AZIZAM, ABDUL,AZIZ (2022) Assessing the effect of ICT on Political Contestation. Doctoral thesis, Durham University.
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Author-imposed embargo until 17 June 2024.
The rapid development of information communication technologies (ICT) in the 21st century has transformed the social, economic, and political sphere globally. During the same period the number of protests has also increased, raising the question of whether these two factors are causally related or just coincidental. To date this debate is unresolved: on the one hand it is argued that ICT is a liberation technology enabling protest mobilization, on the other hand it is seen as a repression technology reducing protests by increasing governments’ monitoring suppression capabilities. Insufficient theorizing followed by rigorous empirical testing of the hypothesized mobilization mechanism and a lack of fine-grained and high-quality protest data are two of the main reasons why existing research has failed to resolve the liberation-repression technology debate so far. This thesis contributes to this literature both theoretically and empirically. First, I perform a within-country study on the effect of changes in two types of technologies, first, Global System for Mobile Communications (GSM) (i.e. texting, voice) and second is Third Generation of Wireless Mobile Telecommunications Technology (3G) (i.e. internet) on protest onset in Malaysia using high-quality and fine-grained protest data from police reports. I find that neither an increase in GSM nor 3G coverage has a robust and substantively meaningful effect on protest occurrence. Second, I re-conceptualize and theorize the most commonly invoked mobilization mechanism in the existing literature as a coordination game, arguing that the shared network information contained in a social media post ought to enable coordination. I assess the argument via an experiment embedded in a household network survey in six rural villages in Malaysia, finding limited support for the coordination mobilization mechanism. Finally, I provide an alternative argument on how ICT might affect protest mobilization based on social network theory. Using data from an original two-wave household-level social network survey in rural Malaysia, I find some suggestive evidence that the introduction of the internet tends to change political networks to more connected structures that allow for more rapid mobilization when triggered. This suggests that the impact of ICT on protest is conditional rather than unconditional and that the underlying mobilization mechanism may rely on changes to the political network structure rather than post-specific network information enabling coordination. The thesis points towards social network analysis as a fruitful avenue for future research on ICT and protest and holds important policy implications concerning the consequences of the rapid spread of ICT throughout the developing world.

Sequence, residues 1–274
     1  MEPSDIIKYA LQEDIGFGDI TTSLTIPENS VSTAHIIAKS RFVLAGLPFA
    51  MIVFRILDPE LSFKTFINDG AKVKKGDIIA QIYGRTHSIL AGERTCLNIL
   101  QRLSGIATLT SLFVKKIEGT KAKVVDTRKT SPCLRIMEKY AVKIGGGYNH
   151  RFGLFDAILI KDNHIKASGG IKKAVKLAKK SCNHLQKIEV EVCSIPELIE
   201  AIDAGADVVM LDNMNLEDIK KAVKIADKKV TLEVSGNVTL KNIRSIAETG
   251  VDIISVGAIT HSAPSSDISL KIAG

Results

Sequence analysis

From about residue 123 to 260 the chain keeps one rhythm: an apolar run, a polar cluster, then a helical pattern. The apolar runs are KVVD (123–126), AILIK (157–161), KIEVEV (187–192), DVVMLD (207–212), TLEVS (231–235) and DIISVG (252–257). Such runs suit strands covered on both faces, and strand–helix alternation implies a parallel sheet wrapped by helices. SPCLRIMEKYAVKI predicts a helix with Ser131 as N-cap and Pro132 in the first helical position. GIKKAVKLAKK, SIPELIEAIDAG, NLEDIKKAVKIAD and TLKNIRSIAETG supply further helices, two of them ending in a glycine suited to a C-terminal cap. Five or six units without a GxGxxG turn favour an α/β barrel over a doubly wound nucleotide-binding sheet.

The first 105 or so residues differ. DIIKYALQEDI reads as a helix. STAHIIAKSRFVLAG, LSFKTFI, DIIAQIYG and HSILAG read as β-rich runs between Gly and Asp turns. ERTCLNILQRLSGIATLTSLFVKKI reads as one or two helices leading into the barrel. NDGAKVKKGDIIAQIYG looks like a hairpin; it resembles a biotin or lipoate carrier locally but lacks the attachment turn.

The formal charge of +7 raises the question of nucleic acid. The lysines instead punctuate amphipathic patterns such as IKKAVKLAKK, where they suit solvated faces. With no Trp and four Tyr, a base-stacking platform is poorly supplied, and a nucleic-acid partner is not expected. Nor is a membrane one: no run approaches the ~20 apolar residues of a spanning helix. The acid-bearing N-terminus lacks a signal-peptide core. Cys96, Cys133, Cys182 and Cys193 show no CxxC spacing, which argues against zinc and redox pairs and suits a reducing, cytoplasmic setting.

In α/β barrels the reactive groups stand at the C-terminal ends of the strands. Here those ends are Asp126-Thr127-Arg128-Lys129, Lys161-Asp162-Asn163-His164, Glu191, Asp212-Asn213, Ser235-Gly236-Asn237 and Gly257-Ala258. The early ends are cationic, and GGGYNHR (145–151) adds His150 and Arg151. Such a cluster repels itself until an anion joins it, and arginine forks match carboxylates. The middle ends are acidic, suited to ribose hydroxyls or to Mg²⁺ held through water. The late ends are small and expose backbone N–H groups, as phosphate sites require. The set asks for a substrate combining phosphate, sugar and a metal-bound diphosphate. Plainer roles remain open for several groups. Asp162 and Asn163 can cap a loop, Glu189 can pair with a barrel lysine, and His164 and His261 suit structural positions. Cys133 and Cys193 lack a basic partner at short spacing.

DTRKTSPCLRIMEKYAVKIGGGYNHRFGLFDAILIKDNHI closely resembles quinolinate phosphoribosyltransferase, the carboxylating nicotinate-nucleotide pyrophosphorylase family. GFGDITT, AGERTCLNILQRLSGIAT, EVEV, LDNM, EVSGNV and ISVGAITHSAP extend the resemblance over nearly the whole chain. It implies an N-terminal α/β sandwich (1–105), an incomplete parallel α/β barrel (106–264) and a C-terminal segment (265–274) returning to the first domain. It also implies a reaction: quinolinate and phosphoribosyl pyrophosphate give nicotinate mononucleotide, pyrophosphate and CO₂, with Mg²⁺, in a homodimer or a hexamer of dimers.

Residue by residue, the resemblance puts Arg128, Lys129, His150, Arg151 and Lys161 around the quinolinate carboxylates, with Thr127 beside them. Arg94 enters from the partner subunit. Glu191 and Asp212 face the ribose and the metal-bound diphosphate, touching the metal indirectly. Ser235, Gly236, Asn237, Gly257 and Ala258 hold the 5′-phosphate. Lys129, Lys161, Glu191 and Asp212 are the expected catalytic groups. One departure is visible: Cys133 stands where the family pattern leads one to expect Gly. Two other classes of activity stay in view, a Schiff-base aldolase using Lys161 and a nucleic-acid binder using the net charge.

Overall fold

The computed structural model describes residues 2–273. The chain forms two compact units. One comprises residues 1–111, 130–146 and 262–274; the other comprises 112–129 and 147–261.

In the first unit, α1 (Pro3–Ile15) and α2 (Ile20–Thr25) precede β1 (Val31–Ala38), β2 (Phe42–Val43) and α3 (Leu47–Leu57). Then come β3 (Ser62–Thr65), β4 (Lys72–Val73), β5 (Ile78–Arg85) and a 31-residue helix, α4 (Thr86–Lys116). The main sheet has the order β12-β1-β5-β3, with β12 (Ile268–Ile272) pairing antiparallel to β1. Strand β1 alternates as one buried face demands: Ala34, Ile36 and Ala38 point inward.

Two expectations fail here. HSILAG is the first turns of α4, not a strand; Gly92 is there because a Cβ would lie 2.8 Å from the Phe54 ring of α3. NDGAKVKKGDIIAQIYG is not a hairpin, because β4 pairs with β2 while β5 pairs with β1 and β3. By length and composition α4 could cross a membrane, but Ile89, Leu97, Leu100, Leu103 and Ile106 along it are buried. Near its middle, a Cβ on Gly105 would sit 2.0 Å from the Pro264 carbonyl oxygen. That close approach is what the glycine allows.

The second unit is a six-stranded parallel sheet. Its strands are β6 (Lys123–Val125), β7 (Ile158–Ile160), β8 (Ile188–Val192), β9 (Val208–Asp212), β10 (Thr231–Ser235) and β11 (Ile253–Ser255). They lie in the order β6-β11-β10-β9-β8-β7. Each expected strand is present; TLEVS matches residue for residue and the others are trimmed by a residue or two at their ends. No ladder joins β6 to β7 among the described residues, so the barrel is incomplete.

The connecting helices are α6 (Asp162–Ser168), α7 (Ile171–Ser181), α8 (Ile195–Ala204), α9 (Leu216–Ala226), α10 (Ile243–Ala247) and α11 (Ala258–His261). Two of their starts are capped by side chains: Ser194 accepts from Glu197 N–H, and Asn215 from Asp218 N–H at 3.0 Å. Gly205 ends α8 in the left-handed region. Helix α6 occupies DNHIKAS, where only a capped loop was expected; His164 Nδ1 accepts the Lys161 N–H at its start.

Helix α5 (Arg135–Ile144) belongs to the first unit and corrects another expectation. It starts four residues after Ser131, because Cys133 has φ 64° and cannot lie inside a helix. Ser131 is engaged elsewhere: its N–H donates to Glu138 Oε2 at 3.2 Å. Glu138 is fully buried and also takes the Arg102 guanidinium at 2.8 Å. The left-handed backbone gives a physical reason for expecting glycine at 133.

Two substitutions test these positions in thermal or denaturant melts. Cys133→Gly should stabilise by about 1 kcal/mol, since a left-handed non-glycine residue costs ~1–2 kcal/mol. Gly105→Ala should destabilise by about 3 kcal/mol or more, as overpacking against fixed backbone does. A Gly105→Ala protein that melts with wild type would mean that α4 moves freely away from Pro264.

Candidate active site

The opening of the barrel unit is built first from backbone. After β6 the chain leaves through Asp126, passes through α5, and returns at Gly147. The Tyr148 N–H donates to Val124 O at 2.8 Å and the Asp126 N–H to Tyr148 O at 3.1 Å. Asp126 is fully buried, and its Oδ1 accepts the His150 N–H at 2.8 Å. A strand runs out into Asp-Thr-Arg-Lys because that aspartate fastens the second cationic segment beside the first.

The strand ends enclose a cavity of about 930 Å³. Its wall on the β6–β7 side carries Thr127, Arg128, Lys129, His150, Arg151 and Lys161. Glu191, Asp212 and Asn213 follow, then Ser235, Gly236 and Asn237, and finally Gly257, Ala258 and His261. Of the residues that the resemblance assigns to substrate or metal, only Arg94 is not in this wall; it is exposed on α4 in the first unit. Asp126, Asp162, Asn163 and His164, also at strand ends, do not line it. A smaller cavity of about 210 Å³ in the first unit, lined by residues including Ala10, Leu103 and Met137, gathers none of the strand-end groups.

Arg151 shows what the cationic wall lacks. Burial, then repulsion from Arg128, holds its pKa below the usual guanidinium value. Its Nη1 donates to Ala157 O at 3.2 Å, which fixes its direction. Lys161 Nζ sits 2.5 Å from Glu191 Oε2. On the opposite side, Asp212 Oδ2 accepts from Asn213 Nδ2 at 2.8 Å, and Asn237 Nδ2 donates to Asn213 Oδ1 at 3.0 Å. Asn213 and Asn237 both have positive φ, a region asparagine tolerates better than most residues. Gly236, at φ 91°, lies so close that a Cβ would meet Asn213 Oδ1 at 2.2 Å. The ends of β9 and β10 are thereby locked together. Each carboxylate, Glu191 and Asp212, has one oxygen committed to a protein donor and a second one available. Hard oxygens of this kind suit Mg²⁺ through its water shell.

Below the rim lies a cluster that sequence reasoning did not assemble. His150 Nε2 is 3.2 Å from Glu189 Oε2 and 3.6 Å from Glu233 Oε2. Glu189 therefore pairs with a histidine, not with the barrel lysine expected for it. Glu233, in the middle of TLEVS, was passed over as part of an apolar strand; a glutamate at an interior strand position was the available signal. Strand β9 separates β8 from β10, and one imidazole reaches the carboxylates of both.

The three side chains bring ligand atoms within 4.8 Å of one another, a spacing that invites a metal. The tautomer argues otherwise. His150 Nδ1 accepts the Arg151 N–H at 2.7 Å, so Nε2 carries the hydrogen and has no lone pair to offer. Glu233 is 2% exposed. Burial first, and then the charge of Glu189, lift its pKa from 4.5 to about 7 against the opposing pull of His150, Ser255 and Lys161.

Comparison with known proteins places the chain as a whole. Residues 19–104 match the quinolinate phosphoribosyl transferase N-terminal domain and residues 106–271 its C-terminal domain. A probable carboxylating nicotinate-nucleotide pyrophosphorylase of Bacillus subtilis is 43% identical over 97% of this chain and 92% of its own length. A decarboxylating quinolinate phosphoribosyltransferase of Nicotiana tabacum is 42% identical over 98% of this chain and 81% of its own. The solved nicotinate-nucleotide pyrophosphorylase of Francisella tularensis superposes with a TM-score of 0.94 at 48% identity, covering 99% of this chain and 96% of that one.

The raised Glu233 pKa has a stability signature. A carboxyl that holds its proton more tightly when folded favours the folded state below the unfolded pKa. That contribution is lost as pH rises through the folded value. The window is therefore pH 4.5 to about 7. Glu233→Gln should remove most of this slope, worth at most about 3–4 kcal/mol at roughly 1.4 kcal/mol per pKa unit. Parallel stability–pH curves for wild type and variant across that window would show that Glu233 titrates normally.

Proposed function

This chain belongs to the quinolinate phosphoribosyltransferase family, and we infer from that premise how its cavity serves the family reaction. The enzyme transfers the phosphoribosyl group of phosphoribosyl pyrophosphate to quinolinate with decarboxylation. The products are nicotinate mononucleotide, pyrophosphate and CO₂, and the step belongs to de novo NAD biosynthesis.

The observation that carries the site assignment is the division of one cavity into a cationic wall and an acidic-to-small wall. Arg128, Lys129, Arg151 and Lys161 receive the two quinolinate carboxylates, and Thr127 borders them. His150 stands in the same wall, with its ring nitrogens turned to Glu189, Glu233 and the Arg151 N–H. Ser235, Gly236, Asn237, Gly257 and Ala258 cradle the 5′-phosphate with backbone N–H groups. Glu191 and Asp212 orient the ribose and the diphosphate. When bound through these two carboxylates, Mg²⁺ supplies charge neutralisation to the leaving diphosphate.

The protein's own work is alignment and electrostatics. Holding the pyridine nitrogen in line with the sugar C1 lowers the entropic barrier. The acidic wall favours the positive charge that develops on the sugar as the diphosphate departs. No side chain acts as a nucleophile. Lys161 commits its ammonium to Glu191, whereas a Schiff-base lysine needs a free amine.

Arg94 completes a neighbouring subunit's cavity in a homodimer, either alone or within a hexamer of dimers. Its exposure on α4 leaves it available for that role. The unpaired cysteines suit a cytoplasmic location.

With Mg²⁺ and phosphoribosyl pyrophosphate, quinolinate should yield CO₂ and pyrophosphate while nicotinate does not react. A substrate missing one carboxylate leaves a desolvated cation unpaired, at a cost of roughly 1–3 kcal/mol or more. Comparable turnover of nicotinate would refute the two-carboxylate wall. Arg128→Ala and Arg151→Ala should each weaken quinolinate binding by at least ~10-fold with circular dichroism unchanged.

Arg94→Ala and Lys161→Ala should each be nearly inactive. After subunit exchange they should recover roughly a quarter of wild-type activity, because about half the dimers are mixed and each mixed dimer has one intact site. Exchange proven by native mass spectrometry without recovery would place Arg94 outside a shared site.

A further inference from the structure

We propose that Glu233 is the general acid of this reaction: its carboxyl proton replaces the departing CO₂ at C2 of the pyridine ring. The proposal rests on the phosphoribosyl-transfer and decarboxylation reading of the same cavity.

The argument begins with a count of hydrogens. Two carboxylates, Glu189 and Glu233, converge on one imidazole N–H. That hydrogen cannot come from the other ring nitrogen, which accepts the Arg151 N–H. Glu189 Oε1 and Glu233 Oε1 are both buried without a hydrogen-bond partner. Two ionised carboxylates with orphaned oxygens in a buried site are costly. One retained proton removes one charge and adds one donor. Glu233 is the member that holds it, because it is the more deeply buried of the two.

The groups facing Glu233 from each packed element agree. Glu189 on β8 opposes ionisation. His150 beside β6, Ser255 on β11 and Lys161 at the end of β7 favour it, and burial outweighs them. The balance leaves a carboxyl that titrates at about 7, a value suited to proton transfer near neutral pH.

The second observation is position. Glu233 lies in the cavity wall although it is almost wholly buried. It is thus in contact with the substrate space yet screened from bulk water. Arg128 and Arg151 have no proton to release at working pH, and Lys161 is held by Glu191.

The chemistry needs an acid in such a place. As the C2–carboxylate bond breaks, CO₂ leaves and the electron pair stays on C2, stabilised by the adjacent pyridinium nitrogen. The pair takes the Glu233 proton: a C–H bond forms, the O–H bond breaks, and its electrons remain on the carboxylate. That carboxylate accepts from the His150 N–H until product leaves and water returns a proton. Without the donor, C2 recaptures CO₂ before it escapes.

|Item Type:||Thesis (Doctoral)|
|Award:||Doctor of Philosophy|
|Keywords:||protest, information communication technology (ICT), social movement, collective action, coordination.|
|Faculty and Department:||Faculty of Social Sciences and Health > Government and International Affairs, School of|
|Copyright:||Copyright of this thesis is held by the author|
|Deposited On:||21 Jun 2022 16:01|